However, it remains unclear which sensory systems contribute to this ability. (Agencies)
"That we have the ability to detect and discriminate minute differences in the fat content of our food suggests that this ability must have had considerable evolutionary importance," said senior author Johan LundstrÃ¶m, a cognitive neuroscientist at Monell Chemical Senses Centre in the US.
The researchers added that fat detection via smell would have the advantage of identifying food sources from a distance. To understand this, they asked participants to smell milk containing an amount of fat that might be encountered in a typical milk product - either 0.125 percent, 1.4 percent or 2.7 percent fat. The milk samples were presented to blindfolded subjects in three plastic vessels.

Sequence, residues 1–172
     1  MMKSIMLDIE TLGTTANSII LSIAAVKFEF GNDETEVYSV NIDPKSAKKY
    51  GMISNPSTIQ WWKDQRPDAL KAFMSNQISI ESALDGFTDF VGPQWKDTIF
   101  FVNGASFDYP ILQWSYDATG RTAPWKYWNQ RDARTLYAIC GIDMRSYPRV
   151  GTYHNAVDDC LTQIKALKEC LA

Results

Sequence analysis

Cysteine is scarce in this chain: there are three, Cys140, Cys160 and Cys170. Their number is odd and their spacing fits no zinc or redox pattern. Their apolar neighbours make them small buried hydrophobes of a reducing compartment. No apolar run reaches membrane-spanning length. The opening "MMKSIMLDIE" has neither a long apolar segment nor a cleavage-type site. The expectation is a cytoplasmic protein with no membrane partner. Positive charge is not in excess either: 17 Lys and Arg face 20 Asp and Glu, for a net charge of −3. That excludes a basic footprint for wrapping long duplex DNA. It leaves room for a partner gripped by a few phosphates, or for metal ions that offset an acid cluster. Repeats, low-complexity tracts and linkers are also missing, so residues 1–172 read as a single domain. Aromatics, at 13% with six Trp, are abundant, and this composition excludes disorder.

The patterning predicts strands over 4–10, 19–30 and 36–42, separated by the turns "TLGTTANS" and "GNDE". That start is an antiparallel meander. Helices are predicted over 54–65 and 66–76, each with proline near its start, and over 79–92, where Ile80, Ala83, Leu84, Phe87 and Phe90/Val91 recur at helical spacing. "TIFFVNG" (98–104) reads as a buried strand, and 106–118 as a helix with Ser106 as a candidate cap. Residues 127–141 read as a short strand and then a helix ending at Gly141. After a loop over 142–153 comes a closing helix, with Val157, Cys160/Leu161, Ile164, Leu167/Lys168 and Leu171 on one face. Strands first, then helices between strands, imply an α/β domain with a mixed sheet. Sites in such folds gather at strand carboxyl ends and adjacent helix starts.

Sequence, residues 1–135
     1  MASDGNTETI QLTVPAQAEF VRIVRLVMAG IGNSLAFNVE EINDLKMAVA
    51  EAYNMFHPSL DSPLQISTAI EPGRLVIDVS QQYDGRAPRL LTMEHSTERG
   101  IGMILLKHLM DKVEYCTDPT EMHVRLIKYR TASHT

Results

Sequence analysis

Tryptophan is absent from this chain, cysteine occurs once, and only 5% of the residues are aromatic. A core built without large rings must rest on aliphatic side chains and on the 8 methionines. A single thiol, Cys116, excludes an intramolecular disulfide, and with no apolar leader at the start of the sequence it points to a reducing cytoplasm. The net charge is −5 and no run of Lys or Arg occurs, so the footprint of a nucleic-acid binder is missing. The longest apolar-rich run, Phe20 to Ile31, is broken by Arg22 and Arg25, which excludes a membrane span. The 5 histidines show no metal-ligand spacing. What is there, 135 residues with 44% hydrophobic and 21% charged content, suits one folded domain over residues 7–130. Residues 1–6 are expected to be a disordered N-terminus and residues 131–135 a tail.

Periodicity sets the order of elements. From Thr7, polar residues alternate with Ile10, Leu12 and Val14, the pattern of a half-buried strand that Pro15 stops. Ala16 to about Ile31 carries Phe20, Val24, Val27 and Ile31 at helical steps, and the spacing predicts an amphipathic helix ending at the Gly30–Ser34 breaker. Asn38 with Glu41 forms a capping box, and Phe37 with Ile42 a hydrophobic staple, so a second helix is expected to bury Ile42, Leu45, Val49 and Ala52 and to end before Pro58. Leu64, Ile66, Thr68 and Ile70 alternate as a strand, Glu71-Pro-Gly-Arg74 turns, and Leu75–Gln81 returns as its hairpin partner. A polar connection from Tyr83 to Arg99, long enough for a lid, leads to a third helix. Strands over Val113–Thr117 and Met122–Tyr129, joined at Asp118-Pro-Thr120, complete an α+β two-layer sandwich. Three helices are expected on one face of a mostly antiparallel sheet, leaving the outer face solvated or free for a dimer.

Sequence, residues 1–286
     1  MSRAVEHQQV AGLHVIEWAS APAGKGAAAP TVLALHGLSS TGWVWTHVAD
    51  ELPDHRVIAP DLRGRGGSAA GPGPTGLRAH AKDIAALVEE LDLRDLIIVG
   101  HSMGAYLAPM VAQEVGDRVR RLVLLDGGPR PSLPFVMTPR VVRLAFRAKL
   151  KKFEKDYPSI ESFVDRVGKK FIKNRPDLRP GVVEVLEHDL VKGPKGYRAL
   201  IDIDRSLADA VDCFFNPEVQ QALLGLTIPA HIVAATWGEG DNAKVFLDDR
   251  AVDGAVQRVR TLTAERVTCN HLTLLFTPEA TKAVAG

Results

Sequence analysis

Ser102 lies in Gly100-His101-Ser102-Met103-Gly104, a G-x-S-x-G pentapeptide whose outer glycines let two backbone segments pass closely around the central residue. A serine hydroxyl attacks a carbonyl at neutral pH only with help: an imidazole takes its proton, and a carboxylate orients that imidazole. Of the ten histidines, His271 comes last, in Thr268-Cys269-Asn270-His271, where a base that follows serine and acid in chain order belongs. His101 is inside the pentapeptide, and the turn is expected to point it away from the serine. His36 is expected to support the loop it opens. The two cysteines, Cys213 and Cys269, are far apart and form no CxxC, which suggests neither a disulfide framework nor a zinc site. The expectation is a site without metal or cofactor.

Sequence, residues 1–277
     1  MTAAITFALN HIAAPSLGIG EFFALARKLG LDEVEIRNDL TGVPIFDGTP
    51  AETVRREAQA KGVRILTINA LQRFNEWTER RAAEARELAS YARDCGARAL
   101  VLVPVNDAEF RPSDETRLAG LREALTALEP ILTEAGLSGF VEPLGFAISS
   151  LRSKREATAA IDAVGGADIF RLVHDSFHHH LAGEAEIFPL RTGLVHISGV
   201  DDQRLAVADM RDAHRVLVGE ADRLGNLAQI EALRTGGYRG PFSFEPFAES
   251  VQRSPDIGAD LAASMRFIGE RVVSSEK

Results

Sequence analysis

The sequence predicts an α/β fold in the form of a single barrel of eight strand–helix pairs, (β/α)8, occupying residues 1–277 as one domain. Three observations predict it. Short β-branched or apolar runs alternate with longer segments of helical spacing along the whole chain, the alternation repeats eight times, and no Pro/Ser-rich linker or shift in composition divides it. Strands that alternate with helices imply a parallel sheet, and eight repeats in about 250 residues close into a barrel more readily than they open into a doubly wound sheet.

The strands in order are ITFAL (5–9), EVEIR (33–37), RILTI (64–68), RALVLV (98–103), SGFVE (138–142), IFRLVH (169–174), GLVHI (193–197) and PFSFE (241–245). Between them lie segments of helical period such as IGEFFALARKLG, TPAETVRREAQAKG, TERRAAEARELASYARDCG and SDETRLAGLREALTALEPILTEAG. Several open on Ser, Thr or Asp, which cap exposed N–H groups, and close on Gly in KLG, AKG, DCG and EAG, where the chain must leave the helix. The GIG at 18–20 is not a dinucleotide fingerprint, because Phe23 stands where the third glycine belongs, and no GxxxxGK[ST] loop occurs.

Two of the containers had milk with the same percent of fat while the third had milk with a different fat concentration. Participants could use the sense of smell to discriminate different levels of fat in the milk, said the research published in the journal PLOS ONE.
"We now need to identify the odour molecules that allow people to detect and differentiate levels of fat," said lead author Sanne Boesveldt, a sensory neuroscientist. Innovative methods using odour to make low-fat foods more palatable could someday aid public health efforts to reduce dietary fat intake, the study said.
However, it remains unclear which sensory systems contribute to this ability.